Evaluation of CSF leaks: high-resolution CT compared with contrast-enhanced CT and radionuclide cisternography. (1/55)

BACKGROUND AND PURPOSE: Radiologic evaluation of CSF leaks is a diagnostic challenge that often involves multiple imaging studies with the associated expense and patient discomfort. We evaluated the use of screening noncontrast high-resolution CT in identifying the presence and site of CSF rhinorrhea and otorrhea and compared it with contrast-enhanced CT cisternography and radionuclide cisternography. METHODS: We retrospectively reviewed the imaging studies and medical records of all patients who were evaluated for CSF leak during a 7-year period. Forty-two patients with rhinorrhea and/or otorrhea underwent high-resolution CT of the face or temporal bone and then had CT cisternography and radionuclide cisternography via lumbar puncture. The results of the three studies were compared and correlated with the surgical findings in 21 patients. RESULTS: High-resolution CT showed bone defects in 30 of 42 patients (71%) with CSF leak. High-resolution, radionuclide cisternography and CT cisternography did not show bone defects or CSF leak for 12 patients (29%) who had clinical evidence of CSF leak. Among the 30 patients with bone defects, 20 (66%) had positive results of their radionuclide cisternography and/or CT cisternography. For the 21 patients who underwent surgical exploration and repair, intraoperative findings correlated with the defects revealed by high-resolution CT in all cases. High-resolution CT identified significantly more patients with CSF leak than did radionuclide cisternography and CT cisternography, with a moderate degree of agreement. CONCLUSION: Noncontrast high-resolution CT showed a defect in 70% of the patients with CSF leak. No radionuclide cisternography or CT cisternography study produced positive results without previous visualization of a defect on high-resolution CT. CT cisternography and radionuclide cisternography may be reserved for patients in whom initial high-resolution CT does not identify a bone defect or for patients with multiple fractures or postoperative defects.  (+info)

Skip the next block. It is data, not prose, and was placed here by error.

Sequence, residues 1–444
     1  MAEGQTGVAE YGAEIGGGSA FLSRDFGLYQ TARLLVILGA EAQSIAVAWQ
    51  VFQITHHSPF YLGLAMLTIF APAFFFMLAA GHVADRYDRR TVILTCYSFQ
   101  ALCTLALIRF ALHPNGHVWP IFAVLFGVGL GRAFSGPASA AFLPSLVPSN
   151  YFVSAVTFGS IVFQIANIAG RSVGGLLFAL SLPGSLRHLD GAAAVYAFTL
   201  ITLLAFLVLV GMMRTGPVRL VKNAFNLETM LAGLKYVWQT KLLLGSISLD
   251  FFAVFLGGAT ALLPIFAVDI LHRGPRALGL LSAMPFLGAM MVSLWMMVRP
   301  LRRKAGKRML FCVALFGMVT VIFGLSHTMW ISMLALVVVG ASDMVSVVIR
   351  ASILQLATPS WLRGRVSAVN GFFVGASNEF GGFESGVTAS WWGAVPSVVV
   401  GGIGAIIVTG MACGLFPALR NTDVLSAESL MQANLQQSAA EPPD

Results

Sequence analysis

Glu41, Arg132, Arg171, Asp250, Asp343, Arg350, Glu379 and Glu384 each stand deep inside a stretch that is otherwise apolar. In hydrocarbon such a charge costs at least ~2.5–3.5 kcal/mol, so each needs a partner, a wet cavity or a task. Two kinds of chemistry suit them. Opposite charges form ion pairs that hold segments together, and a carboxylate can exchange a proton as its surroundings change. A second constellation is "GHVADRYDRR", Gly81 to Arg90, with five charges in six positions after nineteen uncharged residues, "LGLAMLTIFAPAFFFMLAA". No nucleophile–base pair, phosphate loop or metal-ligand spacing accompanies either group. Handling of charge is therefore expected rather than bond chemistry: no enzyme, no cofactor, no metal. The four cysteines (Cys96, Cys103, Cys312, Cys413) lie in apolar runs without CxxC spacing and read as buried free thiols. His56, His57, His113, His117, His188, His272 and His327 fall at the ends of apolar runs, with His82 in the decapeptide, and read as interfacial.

Advanced glycation end products in human optic nerve head. (2/55)

AIMS: To localise advanced glycation end products (AGEs) in human optic nerve head. METHODS: Optic nerve samples from 13 elderly individuals (seven diabetics and six non-diabetics) were obtained at necropsy. Pyrraline, an advanced glycation end product, was immunohistochemically localised in the optic nerve heads. RESULTS: In the diabetic subjects, moderate to intense immunoreactivity for pyrraline was detected in sclera, pia mater, cribriform plates, connective tissues in the optic nerve, and around vessels in the optic nerve and pia mater. Immunoreactivity for pyrraline was also detected around retinal vessels. In the non-diabetic subjects, slight or no immunoreactivity for pyrraline was found in cribriform plates and around the optic nerve vessels. CONCLUSION: Accumulation of AGEs in cribriform plates and around vessels in the optic nerve may contribute to the development of optic neuropathy in diabetic patients.  (+info)

A critical evaluation of the pitchfork analysis. (3/55)

The pitchfork analysis has gained increasing acceptance among researchers and clinicians to evaluate the effects of orthodontic treatment that can be measured on lateral cephalometric radiographs. It is primarily used in Class II cases to distinguish between the skeletal and dental effects of such treatments. The aim of this study was to conduct an objective evaluation of the pitchfork analysis by comparing cephalometric data obtained by that method with those using the more conventional and established method of Bjork. The pitchfork analysis consistently provided an overestimation of the skeletal effects and an under-estimation of the dental changes. These results indicate that the pitchfork analysis is not sufficiently sensitive to distinguish between the skeletal and dental effects of orthodontic treatment.  (+info)

Epignathus: always a simple teratoma? Report of an exceptional case with two additional fetiforme bodies. (4/55)

We report on a case of a fetal epignathus combined with two fetus-like structures resembling acardius acranius. The anomaly was detected at 23 weeks of gestation and led to termination of pregnancy at 24 weeks. This is the first description of epignathus with parasitic fetuses detected prenatally. It shows that the boundary between fetal teratoma and multiple pregnancy in special cases may be difficult to define.  (+info)

Morphological relationship between the cranial base and dentofacial complex obtained by reconstructive computer tomographic images. (5/55)